Relentless sex and professional drive Represents Willy’s sense of self importance and ambition Often engages in bad business ethics

28 Charley The Lomans’ next door neighbor Successful businessman
Often gives Willy financial support Described sadly as Willy’s only friend although Willy is jealous of Charley’s success

29 Bernard Charley’s son Successful lawyer
Often mocked by Willy for being studious Compared to Loman sons by Willy; they do not measure up to his success

30 Ben Willy’s deceased older brother Independently wealthy
Appears to Willy in daydreams Willy’s symbol of success that he desperately wants for his sons

31 The Woman Willy’s mistress Her admiration for Willy is an ego boost
Biff catches Willy with her in a hotel room Biff loses faith in his father due to infidelity

32 The Father/Son Dynamic
Willy has infused his sons with the same fundamentally wrong sense of morality and of what is important in life that has hindered his own success and happiness; the sons find themselves equally trapped and suspended in time without the ability to succeed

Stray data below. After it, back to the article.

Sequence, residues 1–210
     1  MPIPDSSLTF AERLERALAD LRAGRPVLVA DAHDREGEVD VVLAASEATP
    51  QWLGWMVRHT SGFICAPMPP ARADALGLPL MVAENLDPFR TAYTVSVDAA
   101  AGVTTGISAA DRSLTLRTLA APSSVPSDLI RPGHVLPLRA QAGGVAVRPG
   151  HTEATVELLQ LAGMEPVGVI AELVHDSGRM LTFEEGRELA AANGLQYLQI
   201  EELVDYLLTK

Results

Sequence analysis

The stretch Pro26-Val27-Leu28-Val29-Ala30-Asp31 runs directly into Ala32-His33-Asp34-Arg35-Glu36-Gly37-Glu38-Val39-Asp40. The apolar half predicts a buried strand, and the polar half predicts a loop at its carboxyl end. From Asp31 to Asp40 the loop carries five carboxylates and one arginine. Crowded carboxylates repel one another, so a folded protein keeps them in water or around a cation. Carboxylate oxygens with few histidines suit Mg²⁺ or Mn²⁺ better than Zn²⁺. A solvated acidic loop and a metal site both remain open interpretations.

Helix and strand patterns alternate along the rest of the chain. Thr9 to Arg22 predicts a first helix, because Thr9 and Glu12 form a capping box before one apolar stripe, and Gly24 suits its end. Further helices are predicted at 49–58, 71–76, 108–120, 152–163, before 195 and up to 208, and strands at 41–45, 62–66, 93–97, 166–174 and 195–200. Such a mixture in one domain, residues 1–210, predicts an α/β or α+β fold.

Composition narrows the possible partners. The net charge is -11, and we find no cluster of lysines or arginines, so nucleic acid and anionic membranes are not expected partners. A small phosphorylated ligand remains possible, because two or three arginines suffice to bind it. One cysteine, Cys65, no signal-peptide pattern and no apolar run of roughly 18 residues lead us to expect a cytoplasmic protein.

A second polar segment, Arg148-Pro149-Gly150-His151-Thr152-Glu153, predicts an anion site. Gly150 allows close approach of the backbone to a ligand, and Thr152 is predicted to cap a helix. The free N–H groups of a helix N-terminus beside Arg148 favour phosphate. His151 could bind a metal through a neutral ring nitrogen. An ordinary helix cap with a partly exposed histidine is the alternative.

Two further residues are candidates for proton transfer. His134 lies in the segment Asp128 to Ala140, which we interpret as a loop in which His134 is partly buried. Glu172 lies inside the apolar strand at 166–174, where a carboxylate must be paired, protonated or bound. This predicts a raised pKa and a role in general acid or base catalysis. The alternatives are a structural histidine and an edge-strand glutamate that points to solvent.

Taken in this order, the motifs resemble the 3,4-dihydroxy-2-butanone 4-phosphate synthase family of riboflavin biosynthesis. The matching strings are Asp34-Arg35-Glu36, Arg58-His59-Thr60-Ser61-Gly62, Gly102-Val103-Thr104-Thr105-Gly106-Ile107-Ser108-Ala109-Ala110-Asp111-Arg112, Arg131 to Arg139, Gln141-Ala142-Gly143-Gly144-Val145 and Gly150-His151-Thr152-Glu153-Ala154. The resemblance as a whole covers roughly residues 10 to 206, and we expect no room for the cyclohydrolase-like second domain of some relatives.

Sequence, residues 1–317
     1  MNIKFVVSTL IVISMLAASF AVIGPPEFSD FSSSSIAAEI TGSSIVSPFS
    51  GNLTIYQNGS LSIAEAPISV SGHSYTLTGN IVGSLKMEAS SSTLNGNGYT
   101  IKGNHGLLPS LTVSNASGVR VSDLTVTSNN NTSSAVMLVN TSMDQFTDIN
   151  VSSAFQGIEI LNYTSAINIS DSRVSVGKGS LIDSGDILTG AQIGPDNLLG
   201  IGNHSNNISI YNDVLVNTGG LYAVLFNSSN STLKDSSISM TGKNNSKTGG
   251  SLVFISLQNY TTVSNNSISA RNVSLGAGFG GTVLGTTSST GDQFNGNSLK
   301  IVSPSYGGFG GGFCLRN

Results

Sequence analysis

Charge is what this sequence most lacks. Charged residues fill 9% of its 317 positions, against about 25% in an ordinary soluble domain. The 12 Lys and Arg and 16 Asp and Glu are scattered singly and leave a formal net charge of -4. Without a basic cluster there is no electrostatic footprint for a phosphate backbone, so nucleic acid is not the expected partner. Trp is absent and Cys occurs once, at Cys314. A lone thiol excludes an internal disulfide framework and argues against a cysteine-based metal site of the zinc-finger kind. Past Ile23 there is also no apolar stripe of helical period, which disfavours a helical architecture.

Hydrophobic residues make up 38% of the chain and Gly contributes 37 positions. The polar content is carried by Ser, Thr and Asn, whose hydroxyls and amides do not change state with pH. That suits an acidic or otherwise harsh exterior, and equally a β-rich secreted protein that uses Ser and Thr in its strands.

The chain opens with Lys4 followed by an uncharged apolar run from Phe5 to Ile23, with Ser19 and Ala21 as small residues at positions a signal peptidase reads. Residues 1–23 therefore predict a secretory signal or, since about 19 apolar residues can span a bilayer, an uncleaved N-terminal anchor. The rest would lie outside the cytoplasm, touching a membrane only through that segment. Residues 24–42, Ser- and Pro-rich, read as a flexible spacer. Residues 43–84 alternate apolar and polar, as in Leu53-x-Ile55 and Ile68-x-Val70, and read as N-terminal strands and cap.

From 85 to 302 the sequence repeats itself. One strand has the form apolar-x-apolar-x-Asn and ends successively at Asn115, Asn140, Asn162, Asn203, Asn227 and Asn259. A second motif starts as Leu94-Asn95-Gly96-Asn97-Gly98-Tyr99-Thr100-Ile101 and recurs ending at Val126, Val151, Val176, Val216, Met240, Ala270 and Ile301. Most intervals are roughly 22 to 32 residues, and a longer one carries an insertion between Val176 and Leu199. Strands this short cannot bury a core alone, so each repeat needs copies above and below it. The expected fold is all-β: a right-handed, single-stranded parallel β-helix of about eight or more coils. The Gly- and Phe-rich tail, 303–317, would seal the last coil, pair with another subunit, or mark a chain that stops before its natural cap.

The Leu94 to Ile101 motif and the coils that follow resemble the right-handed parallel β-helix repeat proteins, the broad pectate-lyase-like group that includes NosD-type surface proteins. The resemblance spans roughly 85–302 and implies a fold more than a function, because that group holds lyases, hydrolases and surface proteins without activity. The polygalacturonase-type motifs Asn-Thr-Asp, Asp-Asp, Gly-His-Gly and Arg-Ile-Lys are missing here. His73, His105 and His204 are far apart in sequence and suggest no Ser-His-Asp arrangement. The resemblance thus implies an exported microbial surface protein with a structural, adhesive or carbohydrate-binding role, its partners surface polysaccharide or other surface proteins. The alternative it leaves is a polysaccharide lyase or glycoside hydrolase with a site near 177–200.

33 The Father/Son Dynamic
Blatantly preferring his older son Biff, Willy put not only his hopes but also immense pressure on him from an early age Once aware of the affair, the son’s godlike reverence of Willy was shattered and Biff wondered around devoid of any sense of purpose, a bum surviving through low-wage labor and stealing.

34 The Father/Son Dynamic
When the family is reunited once again under one roof, the father’s pressure on and control over his sons, especially Biff, once again refuel the old conflicts between them and ultimately lead to Biff’s decision to leave and never come back.

35 The Father/Son Dynamic
Torn between what he knows he must do and the love he feels for his father, Biff hugs Willy one last time. It is at that moment that Willy becomes aware of Biff’s love for him. It is a textbook example of the human affection exchange theory of male behavior, which finds that fathers and sons very seldom express their affection for each other directly through verbal statements or direct non-verbal gestures.

36 The Father/Son Dynamic
This, together with the loss of his job, prompts Willy to finally commit a long considered suicide in order to bequeath twenty thousand dollars of life insurance money to Biff

37 The Father/Son Dynamic
Happy was always considered second. This has left him with an even stronger desire to please his father in any way he can. His function within the story is an important one as he acts as a buffer between Biff and Willy. He eventually becomes the next generation of the tragic hero that was Willy Loman.

38 The Message It is not only one of the limits of the American Dream and that it cannot apply to everyone, but of the necessity of the sons outgrowing their fathers, of the importance and value of the next generation to break loose from their forbears.